CAIRO, Egypt -- Martin Richardson went for a swim among dolphins but found they were much more than gentle playmates. They can be lifesavers.
Mr. Richardson, a Briton, was swimming in the Red Sea off Egypt's Sinai Peninsula when he was attacked by a shark. Companions aboard a diving boat heard him scream.
"Something took a bite of my side," Mr. Richardson, a 29-year-old diver, told The Associated Press by telephone from el-Tur on Wednesday. "I started panicking for a bit, then it took another chunk of my upper arm."
Mr. Richardson's companions then watched as three bottlenose dolphins encircled the wounded man, flapping their fins and tails and scaring off the shark.
"This defensive behavior of dolphins is common when mothers are protecting their calves from predators," said a statement by the Recanati Center for Maritime Studies at the University of Haifa in Israel.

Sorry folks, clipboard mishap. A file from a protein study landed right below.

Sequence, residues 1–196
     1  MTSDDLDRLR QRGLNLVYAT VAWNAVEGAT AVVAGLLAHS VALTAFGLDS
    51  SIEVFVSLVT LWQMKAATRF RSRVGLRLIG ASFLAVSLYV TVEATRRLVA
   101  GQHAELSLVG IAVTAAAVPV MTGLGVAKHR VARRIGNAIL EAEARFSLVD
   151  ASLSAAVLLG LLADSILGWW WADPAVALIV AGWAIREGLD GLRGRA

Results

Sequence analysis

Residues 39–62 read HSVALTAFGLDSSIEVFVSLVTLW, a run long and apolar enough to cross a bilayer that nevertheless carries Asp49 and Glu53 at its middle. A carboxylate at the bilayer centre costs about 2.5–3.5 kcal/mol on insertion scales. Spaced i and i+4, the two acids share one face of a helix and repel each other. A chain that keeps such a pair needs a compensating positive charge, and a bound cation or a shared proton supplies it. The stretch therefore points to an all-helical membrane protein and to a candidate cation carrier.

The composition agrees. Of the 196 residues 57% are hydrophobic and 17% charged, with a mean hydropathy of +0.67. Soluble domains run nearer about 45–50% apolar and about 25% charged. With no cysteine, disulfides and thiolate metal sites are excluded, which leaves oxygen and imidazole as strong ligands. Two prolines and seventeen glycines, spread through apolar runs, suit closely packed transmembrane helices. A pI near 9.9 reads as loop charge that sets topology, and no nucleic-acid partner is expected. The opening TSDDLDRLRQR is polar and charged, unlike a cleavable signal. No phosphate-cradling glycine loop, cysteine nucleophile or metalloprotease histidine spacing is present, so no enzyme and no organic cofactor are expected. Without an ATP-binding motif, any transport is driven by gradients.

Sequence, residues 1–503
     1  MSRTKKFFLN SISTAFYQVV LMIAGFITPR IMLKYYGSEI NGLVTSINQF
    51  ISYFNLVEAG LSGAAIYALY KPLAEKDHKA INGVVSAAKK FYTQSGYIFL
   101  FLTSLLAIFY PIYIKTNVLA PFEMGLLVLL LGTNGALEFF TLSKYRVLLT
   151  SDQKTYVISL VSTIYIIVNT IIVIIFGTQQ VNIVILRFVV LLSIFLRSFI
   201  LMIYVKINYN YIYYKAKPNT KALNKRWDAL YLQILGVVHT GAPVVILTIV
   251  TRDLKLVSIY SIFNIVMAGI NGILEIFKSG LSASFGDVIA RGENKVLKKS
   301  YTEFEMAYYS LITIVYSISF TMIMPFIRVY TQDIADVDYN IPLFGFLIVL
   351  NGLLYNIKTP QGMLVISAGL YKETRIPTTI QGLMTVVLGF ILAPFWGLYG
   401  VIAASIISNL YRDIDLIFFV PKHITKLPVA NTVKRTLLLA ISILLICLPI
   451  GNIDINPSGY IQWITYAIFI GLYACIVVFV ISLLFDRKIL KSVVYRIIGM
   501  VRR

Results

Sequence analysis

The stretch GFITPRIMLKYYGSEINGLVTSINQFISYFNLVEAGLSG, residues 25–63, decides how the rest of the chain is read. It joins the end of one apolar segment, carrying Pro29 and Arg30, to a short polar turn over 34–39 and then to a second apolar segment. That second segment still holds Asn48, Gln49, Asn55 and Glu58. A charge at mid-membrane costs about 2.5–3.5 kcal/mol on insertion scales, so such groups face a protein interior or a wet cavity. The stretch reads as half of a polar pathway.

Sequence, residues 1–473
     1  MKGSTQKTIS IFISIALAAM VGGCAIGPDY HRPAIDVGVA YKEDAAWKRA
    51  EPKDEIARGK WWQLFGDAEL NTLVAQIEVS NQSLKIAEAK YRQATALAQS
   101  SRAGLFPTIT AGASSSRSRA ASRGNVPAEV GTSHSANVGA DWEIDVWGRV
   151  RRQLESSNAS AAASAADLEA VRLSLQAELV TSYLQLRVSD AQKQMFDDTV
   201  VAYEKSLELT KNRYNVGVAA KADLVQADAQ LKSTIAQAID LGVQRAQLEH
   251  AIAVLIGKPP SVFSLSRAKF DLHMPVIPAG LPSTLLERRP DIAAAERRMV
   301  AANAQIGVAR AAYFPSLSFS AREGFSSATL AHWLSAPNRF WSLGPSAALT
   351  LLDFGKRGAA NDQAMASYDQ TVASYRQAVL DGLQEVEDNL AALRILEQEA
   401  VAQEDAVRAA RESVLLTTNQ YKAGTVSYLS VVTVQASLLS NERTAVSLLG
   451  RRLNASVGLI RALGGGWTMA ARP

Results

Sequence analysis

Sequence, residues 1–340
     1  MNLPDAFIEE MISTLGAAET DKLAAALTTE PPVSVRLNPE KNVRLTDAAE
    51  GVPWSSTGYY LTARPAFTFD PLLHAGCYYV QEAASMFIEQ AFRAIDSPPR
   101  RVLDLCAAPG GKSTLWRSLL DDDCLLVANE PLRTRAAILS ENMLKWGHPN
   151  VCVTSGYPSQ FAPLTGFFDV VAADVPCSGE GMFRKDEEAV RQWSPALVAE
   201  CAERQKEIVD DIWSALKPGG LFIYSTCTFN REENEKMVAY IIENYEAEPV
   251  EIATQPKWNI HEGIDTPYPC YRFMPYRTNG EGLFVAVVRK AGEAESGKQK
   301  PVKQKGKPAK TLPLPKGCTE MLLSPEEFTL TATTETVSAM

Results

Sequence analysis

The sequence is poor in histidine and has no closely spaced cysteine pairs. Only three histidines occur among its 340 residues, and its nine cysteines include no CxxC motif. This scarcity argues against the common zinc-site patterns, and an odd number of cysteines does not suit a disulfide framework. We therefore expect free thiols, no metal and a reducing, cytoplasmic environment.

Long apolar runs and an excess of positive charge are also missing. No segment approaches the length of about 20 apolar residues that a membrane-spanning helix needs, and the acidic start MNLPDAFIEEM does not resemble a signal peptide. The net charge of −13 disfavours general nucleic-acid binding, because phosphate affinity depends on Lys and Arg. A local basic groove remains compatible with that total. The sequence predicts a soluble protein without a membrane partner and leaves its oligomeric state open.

The statement said the dolphins continued to circle for several minutes until Mr. Richardson's companions reached him.
The attack occurred Tuesday a half mile off Marsa Bareika at the tip of Sinai. Mr. Richardson was rushed to an Egyptian military hospital at el-Tur, 55 miles to the northwest.
Mr. Richardson, of Colchester, England, suffered bites in the left shoulder, stomach and back, including one that slightly punctured his lung, Dr. Emad Allam said by telephone from the hospital Wednesday.
Mr. Richardson can now "walk, talk and eat normally," Dr. Allam said, but will remain hospitalized for at least a week.
New Standard 7/26/96